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Pavan Mann, Scott Diamond, Rangarirai Masanganise, Lovemore Gwanzura, Yu-Tsueng Liu, Robert T Schooley, Jonathan H Lin; HPV16/18 and p16 gene expression in ocular surface squamous neoplasia: a retrospective cross-sectional analysis. Invest. Ophthalmol. Vis. Sci. 2018;59(9):5594.
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© ARVO (1962-2015); The Authors (2016-present)
Human papillomavirus (HPV) infection is an important risk factor for squamous neoplasms of the cervix, head, and neck. HPV’s role in ocular surface squamous neoplasia (OSSN), including conjunctival intraepithelial neoplasia (CIN) and squamous cell carcinoma (SCC), is unclear. HIV-seropositive (HSP) populations have increased susceptibility to HPV infections, HPV-linked cancers, and an increased prevalence of OSSN. To determine if OSSN was related to HPV infection in HSP patients, we performed a retrospective, cross-sectional analysis of 49 OSSN patient biopsies for expression of HPV 16/18 viral genes and p16, a biomarker of HPV-infected keratinocytes.
Biopsies obtained from 49 Zimbabwean patients (28 female, 21 male, ages 18-67 years) were formalin fixed, paraffin-embedded, cut, and stained with hematoxylin and eosin (H&E) to diagnose OSSN and classify as CIN or SCC. In parallel, nucleic acid extracted from biopsies was assayed by quantitative RT-PCR for p16 and HPV 16/18 E6/E7 transcript expression. HeLa, CaSki, and SiHa cells constitutively expressing HPV oncogenes served as positive controls. HeLa cells were used as positive control for p16 status, with positivity defined as p16 deltaCT <10.3727 cycles.
CIN was diagnosed in 19 OSSN biopsies (39%), and SCC was diagnosed in 30 (61%). All 49 cases were negative for both HPV 16 and 18 oncogenes. p16 expression was detected in 13 OSSN cases (26%); 7 CIN cases (37%), and 6 SCC cases (20%). 43 patients were HSP (88%); 14 CIN cases (74%), and 29 SCC cases (97%). 1 patient was p16+ and HIV-seronegative (2%), while 11 patients were both p16+ and HSP (22%); 5 CIN cases (26%), and 6 SCC cases (20%).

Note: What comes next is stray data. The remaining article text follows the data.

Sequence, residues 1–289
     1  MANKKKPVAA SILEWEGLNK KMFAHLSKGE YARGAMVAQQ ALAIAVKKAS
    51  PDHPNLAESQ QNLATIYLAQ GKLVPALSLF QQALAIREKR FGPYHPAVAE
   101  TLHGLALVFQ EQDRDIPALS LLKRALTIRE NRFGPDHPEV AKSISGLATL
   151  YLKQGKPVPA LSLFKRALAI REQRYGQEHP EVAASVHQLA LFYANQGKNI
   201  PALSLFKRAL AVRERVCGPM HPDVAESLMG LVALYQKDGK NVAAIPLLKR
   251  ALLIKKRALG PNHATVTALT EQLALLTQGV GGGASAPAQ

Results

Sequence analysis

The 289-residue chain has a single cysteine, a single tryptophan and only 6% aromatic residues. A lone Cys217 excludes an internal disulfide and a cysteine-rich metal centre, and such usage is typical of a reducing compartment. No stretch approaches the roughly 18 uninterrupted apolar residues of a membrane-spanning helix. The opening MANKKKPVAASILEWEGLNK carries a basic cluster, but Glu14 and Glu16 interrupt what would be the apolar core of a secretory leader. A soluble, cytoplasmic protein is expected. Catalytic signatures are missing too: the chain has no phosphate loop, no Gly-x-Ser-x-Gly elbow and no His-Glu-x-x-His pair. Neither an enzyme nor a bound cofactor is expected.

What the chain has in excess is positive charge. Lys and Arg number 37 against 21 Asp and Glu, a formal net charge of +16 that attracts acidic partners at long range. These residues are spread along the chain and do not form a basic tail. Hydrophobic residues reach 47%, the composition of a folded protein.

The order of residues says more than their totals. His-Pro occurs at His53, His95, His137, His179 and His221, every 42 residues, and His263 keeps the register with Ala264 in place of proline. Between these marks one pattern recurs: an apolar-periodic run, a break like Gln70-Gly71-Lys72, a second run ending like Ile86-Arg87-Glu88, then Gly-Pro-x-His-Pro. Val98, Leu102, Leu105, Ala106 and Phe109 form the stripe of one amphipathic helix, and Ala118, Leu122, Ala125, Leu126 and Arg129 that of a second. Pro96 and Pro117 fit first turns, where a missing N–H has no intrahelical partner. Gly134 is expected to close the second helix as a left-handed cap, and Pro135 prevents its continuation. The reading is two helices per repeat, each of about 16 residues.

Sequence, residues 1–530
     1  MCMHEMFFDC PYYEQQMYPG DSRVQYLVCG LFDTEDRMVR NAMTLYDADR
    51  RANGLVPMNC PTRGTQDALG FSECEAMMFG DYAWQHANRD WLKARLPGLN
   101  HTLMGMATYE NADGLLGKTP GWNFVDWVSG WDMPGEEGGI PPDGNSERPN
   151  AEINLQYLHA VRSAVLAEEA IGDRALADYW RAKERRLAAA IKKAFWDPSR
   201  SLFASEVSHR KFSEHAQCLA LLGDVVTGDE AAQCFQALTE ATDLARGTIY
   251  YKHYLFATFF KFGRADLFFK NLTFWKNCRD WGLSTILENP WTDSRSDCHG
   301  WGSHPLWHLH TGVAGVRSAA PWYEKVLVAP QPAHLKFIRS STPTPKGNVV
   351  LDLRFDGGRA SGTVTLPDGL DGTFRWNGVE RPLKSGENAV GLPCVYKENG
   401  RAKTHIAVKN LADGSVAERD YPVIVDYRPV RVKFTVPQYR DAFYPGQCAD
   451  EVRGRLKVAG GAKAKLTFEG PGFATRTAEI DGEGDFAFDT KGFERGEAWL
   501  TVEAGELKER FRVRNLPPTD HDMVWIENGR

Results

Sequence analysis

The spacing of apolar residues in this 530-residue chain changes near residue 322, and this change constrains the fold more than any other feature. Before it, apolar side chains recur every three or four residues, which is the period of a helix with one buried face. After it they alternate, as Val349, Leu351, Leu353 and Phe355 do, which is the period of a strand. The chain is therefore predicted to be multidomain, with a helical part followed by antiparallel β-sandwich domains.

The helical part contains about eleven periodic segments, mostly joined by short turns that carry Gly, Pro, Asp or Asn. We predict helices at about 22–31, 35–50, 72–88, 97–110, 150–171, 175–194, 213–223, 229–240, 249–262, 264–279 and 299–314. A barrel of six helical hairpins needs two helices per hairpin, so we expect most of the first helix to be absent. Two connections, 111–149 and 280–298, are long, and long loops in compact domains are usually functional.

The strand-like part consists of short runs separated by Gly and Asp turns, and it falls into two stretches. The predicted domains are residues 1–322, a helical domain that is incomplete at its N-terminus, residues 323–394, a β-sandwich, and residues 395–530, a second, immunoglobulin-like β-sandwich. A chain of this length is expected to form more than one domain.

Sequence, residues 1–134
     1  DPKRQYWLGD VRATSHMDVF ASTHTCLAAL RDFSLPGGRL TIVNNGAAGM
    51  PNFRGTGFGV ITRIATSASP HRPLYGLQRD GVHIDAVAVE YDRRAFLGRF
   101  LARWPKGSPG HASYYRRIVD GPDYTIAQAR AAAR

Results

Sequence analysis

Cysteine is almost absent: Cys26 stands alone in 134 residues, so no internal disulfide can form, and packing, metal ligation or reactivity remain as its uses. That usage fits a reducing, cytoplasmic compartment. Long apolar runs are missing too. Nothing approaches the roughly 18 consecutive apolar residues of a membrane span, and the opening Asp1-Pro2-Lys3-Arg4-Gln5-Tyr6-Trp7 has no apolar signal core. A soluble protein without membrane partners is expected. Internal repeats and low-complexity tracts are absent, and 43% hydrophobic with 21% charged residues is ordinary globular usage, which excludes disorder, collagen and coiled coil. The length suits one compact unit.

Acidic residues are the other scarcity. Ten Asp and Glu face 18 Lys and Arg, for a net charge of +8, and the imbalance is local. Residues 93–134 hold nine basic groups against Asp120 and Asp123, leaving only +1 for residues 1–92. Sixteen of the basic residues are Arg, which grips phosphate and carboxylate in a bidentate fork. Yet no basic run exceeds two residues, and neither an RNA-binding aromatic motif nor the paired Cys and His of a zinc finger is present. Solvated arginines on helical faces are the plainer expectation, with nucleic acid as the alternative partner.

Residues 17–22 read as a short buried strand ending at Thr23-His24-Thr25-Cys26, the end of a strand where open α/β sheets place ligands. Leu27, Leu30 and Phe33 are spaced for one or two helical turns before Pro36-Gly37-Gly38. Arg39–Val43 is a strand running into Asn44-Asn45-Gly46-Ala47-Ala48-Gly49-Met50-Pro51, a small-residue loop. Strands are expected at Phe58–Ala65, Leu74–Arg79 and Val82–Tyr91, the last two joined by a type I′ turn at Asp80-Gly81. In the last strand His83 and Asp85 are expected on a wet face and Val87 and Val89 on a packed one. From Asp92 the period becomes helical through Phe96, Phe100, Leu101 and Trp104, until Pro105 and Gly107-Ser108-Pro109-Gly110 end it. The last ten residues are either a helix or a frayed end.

Our study shows no relationship between HPV 16/18 infection and OSSN, as determined by qPCR measurements of HPV oncogene expression, suggesting that HPV infection does not explain the increased prevalence of OSSN found in this patient population. Interestingly, increased p16 gene expression was found in a minority of OSSN cases in the absence of HPV oncogene expression. This p16 positivity was more prevalent in HSP cases than HIV-seronegative cases (22% vs. 2%), and SCC is more prevalent in HSP cases (97% HSP SCC cases, vs. 74% HSP CIN cases). Our data suggest that increased p16 expression in OSSN does not correspond with high-risk HPV infection, but may be associated with more aggressive OSSNs in HSP patients.
This is an abstract that was submitted for the 2018 ARVO Annual Meeting, held in Honolulu, Hawaii, April 29 - May 3, 2018.
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